Radvanszky, J.a,b,c, Hyblova, M.b,c, Durovcikova, D.d, Hikkelova, M.eFiedler, E.fKadasi, L.a,bTurna, J.bMinarik, G.b,c, Szemes, T.b,c

aInstitute for Clinical and Translational Research, Biomedical Research Centre, Slovak Academy of Sciences, Bratislava, Slovakia
bDepartment of Molecular Biology, Faculty of Natural Sciences, Comenius University, Bratislava, Slovakia
cGeneton s.r.o, Bratislava, Slovakia
dDepartment of Medical Genetics, Slovak Medical University, Bratislava, Slovakia
eLaboratory of Medical Genetics, Alphamedical s.r.o, Bratislava, Slovakia
fInstitut für Klinische Genetik, Leitung Microarray-Diagnostik, Klinikum Stuttgart/Olgahospital, Stuttgart, Germany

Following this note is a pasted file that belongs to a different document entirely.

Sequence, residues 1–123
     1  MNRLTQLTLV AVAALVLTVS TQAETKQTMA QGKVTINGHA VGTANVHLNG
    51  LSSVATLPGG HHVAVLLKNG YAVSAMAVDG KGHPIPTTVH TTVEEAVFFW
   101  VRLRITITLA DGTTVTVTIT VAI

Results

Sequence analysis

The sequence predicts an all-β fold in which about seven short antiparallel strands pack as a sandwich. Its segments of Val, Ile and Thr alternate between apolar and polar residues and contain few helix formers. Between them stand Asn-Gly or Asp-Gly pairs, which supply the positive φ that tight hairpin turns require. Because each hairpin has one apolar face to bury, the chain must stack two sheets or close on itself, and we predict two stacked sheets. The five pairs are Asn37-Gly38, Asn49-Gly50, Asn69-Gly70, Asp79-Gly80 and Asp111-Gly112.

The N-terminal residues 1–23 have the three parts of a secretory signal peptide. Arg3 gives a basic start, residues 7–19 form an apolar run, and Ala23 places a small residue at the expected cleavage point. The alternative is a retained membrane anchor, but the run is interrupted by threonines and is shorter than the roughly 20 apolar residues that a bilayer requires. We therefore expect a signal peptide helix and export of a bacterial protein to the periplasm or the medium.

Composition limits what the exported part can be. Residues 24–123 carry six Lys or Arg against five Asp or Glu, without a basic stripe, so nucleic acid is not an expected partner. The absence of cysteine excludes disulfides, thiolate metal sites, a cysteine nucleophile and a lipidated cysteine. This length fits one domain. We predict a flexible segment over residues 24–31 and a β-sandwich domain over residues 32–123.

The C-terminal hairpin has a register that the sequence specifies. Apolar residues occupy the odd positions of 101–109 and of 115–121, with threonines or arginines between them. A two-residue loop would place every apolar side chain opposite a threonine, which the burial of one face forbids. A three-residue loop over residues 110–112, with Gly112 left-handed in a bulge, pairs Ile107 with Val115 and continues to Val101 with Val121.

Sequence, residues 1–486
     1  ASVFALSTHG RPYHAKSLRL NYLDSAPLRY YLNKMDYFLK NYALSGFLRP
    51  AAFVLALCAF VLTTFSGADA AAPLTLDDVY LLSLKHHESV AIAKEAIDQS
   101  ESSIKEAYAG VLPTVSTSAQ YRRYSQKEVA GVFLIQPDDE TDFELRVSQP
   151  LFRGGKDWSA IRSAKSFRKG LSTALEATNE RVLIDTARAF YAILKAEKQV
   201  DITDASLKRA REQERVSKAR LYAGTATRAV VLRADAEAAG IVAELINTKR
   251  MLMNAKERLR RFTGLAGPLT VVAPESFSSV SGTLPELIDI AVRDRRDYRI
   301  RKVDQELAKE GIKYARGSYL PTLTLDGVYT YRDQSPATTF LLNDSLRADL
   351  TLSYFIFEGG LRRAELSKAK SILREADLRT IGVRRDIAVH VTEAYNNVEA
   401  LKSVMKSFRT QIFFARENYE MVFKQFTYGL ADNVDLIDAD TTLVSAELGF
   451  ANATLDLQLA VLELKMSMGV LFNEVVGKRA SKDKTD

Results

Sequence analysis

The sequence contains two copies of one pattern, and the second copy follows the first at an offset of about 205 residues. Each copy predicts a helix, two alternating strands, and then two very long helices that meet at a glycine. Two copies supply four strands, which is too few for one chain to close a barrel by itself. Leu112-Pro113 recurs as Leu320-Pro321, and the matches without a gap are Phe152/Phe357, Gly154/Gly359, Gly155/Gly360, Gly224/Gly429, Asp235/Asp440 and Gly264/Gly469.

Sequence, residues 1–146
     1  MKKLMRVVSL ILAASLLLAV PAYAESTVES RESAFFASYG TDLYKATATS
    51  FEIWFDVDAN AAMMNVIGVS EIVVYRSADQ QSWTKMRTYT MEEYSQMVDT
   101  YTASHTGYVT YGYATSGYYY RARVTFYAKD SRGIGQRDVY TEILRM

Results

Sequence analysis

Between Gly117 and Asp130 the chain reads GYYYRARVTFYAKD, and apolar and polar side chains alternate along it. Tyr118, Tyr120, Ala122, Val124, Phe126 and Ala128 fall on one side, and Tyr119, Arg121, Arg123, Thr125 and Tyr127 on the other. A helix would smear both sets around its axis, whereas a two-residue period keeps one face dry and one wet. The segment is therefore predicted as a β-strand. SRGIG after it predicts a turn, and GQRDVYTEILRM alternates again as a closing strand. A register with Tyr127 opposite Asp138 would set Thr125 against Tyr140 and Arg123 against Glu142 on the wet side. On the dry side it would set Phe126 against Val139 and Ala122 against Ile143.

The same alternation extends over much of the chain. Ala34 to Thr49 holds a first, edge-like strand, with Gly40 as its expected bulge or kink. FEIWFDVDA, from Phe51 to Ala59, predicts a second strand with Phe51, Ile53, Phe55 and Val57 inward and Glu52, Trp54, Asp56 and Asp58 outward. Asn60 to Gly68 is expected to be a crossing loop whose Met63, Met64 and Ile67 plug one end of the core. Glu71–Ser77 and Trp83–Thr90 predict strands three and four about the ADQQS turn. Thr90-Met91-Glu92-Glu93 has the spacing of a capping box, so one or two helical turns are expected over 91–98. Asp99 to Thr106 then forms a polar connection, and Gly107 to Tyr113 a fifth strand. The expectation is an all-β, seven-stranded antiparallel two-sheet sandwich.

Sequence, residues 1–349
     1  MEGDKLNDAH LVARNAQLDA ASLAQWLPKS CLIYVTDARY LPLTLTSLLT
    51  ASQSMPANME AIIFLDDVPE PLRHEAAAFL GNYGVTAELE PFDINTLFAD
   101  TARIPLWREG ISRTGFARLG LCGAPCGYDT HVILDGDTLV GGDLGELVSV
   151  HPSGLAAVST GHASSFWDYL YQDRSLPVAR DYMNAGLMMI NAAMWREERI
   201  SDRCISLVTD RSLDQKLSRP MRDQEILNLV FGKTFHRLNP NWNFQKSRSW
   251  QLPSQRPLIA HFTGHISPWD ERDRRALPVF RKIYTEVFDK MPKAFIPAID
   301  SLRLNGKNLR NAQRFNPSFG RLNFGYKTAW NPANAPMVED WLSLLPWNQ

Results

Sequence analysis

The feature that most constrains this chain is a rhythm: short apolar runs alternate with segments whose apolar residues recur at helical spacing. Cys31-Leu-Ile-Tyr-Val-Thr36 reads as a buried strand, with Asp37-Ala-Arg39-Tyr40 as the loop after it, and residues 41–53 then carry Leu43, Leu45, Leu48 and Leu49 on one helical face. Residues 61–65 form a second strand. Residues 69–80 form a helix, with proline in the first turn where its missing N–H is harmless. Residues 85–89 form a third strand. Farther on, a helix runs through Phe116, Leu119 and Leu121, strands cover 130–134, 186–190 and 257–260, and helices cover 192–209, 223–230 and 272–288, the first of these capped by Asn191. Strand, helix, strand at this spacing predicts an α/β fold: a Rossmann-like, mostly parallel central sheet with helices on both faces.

Say–Barber–Biesecker–Young–Simpson syndrome (SBBYSS) and genitopatellar syndrome (GTPTS) are clinically similar disorders with some overlapping features. Although they are currently considered to be distinct clinical entities, both were found to be caused by de novo truncating sequence variants in the KAT6B (lysine acetyltransferase 6B) gene, strongly suggesting that they are allelic disorders. Herein, we report the clinical and genetic findings in a girl presenting with a serious multiple congenital anomaly syndrome with phenotypic features overlapping both SBBYSS and GTPTS; pointing out that the clinical distinction between these disorders is not exact and there do exist patients, in whom conventional clinical classification is problematic. Genetic analyses revealed a truncating c.4592delA (p.Asn1531Thrfs*18) variant in the last KAT6B exon. Our findings support that phenotypes associated with typical KAT6B disease-causing variants should be referred to as ‘KAT6B spectrum disorders’ or ‘KAT6B related disorders’, rather than their current SBBYSS and GTPTS classification.